Bursting round a sharp right hand turn at the top of the climb, our sudden appearance surprised a BMW approaching at too high a speed and already starting to swing wide across the road. Luckily the driver had time to brake and correct their line and the group behind managed to squeeze past.
A bit further on and travelling down a narrow country lane, Son of G-Dawg called out, “Car up!” and accelerated sharply so I could tuck in behind him. Even singled out and hugging the gutter, the bright red Toyota Yaris passed frighteningly close and frighteningly fast – and behind us the almost inevitable happened.
I’m still not quite sure if the car actually clipped Mini Miss, or came so close she took desperate and evasive action, but she ended up tangling wheels with Buster and coming down, while he bailed out for the safety of a roadside ditch.
I was astounded that the driver even stopped, but apparently this was just so she could tell us that we shouldn’t be riding on the road, while we, being the nicest, most polite cycling club known to man tried to reason with her in a rational manner. Perhaps this was the time when some incoherent swearing and outright anger might actually have served us better and made more of an impression. Then again, maybe not.
As it was, satisfied she hadn’t quite managed to seriously injure anyone, completely unrepentant, utterly convinced she’d done nothing wrong and wasn’t in any way responsible, the driver climbed back into her car, slammed the door and roared away to endanger other weird people who mistakenly feel they have the right to use the roads, leaving us to assess the damage.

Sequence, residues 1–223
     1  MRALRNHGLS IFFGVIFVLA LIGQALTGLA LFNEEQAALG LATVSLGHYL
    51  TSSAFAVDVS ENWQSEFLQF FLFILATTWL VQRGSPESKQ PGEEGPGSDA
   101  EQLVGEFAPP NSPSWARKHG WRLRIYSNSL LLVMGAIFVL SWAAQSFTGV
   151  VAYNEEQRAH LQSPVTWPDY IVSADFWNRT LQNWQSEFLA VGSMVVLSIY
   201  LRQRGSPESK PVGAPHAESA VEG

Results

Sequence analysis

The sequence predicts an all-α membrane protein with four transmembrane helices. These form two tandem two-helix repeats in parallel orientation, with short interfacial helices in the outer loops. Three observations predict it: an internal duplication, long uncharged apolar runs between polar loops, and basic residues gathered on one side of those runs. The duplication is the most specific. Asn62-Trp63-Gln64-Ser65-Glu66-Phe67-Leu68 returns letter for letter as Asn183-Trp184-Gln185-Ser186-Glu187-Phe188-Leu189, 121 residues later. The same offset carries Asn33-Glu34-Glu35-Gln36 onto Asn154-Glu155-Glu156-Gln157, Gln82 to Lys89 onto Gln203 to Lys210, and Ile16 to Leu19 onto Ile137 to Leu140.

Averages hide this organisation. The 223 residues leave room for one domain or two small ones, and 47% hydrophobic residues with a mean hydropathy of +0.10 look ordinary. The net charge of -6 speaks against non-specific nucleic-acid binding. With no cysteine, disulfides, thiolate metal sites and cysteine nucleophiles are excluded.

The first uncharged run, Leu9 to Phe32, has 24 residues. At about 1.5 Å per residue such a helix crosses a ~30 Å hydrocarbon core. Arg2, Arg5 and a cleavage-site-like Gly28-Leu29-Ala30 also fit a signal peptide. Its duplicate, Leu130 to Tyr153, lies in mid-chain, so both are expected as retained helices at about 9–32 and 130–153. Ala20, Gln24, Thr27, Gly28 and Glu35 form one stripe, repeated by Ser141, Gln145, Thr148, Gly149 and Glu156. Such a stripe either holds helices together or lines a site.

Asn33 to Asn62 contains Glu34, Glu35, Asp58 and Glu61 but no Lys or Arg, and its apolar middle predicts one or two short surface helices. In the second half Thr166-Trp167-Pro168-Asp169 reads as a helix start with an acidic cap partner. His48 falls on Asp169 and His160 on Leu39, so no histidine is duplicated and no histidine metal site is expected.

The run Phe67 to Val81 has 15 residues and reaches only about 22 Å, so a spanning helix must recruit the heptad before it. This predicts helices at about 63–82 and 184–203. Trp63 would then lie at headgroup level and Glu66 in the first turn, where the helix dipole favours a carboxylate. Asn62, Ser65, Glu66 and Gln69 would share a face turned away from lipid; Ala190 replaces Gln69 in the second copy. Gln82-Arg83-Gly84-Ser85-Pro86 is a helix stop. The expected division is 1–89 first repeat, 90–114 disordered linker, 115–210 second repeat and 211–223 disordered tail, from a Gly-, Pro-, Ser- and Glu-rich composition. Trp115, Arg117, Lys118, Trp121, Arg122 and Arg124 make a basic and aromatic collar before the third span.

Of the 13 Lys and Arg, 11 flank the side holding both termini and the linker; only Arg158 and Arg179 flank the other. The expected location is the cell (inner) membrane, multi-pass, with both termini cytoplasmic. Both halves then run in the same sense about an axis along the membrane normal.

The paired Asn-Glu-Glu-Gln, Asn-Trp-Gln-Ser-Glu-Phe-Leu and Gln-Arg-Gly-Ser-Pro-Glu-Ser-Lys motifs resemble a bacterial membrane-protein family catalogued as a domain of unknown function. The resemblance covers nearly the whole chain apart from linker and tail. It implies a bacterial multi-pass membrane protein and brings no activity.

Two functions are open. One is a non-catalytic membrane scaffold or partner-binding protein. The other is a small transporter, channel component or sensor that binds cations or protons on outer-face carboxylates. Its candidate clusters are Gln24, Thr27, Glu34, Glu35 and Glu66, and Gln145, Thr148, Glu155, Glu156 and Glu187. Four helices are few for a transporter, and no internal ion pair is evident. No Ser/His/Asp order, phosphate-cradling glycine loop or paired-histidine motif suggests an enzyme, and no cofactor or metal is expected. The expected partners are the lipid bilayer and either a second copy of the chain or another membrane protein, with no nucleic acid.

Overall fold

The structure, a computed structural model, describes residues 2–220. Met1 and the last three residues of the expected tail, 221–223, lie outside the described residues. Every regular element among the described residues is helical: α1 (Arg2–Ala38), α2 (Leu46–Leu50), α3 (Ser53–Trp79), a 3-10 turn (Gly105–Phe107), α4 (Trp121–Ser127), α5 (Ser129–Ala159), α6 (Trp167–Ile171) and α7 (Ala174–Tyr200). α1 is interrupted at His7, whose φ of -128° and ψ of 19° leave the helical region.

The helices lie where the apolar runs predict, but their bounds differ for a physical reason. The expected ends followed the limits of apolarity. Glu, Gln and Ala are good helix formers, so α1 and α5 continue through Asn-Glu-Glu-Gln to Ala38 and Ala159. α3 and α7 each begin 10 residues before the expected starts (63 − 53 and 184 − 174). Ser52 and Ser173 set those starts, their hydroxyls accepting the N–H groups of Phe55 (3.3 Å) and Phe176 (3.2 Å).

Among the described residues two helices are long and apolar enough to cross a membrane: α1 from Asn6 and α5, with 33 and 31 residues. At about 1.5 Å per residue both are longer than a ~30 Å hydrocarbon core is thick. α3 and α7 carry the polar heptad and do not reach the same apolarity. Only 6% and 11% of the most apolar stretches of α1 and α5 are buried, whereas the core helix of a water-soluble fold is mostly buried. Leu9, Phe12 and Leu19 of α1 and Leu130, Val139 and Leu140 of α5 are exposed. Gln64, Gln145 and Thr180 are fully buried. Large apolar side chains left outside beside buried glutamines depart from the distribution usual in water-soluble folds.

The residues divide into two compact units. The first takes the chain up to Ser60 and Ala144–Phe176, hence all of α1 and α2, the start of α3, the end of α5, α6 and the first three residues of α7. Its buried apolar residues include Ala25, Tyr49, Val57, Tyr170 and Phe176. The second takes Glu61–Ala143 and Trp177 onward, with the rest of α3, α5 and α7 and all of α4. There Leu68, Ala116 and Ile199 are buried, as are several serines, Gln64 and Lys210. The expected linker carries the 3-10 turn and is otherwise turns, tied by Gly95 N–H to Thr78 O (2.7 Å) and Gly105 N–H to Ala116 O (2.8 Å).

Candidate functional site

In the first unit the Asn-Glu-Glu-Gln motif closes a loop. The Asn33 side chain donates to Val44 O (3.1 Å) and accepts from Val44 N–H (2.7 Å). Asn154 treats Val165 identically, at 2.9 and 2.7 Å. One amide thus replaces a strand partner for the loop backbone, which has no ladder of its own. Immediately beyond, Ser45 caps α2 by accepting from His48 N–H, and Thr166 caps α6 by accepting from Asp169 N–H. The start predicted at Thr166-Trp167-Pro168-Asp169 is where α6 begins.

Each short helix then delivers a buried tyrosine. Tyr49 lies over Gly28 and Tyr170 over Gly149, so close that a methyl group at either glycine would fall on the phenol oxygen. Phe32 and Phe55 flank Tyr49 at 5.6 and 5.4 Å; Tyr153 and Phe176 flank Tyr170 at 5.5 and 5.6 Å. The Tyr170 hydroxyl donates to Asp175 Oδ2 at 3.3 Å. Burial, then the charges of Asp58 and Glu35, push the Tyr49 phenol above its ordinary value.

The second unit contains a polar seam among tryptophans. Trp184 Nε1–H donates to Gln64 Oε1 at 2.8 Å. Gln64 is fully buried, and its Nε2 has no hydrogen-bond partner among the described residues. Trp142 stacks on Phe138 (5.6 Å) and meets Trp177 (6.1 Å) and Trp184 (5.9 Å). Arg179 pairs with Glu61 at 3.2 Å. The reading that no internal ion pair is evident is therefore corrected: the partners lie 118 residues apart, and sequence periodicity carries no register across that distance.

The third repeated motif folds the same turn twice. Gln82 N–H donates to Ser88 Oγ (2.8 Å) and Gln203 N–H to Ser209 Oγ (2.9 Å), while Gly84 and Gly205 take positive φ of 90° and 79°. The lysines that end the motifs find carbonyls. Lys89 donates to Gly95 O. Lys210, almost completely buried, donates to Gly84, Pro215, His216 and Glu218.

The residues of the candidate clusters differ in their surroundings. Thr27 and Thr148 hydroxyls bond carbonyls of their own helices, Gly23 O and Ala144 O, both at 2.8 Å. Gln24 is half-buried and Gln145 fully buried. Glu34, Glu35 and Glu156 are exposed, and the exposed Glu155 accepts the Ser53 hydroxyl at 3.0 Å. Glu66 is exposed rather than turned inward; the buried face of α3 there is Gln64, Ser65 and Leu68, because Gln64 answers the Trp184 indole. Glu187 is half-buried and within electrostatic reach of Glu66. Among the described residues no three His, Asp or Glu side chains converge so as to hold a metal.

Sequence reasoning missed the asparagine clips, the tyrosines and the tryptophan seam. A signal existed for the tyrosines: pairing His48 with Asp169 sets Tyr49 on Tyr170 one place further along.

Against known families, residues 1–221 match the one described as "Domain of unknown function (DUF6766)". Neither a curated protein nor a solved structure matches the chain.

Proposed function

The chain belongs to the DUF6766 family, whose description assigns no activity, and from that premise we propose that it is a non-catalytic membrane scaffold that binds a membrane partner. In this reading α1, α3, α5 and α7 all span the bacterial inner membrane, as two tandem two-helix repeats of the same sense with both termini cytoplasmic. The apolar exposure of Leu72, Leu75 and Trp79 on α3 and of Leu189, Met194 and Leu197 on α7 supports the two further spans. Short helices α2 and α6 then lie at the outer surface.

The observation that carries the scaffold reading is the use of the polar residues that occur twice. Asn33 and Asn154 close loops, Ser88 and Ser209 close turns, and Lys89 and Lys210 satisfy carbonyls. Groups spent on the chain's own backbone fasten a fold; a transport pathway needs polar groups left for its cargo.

Mini Miss has somehow snapped the end completely off her brake lever and Buster was particularly chagrined to find his rear mudguard had been smashed to pieces, just after he’d finally managed to get it to stop rubbing. Luckily all the damage seemed to be to bikes rather than people, although on the ride back Buster complained his hip was causing some discomfort.
We regrouped slowly before pressing on and since we were close to a usual split point decided we wouldn’t stop again, but drop into different groups on the fly. Unfortunately, not everyone got the message and as the amblers split off for the café, Happy Cat missed the turn and uncharacteristically found herself tagging along with the faster, longer, harder group.
She’d also taken the weather forecasts to heart and was wearing a baggy and billowing waterproof jacket that not only acted like a drogue parachute, but slowly began to boil her as the pace increased and she fought to hang on.
We finally called a halt to split the group again, carefully steering Happy Cat away from the longer, harder, faster self-flagellation ride, but Taffy Steve failed to convince another struggler who was lured away by the siren song of the racing snakes, perhaps never to be seen again.
Happy Cat managed to ditch the jacket, stuffing it roughly into two of the pockets of her jersey and then it was just a case of hanging on as we wound our way back to the café.
I suggested that now she’d ridden and survived with the longer, harder, faster group she’d struggle to ever go back to the amblers. She was still smiling, but I don’t think I convinced her.
Down through Milestone Woods and over the rollers, I ran up the outside of the group and was sitting perched on the shoulder of the lead man as we dropped down and then began the long drag up to the café. A quick glance behind showed me Son of G-Dawg and G-Dawg stacked on my wheel, so I buried myself in an impromptu lead out until they swept around me and I could sit up.
A few others passed me as well, but faded as the slope ground on and I managed to claw back and overhaul them. Then just as I approached the white finish line, Taffy Steve charged up on my outside, screaming incoherently and threw his bike over the line in a fair imitation of Chris Hoy, stealing the sprint by a tyre’s tread.
Main topics of conversation at the coffee stop:
A deeply traumatised Crazy Legs couldn’t let it go and circulated photos of their epic trek into the Northumberland Badlands during the Bank Holiday Club Run from Hell, including one shot of OGL leading his bike while he tip-toed gingerly along a very narrow, very muddy trail perched precariously above a marshy and incredibly boggy rivulet.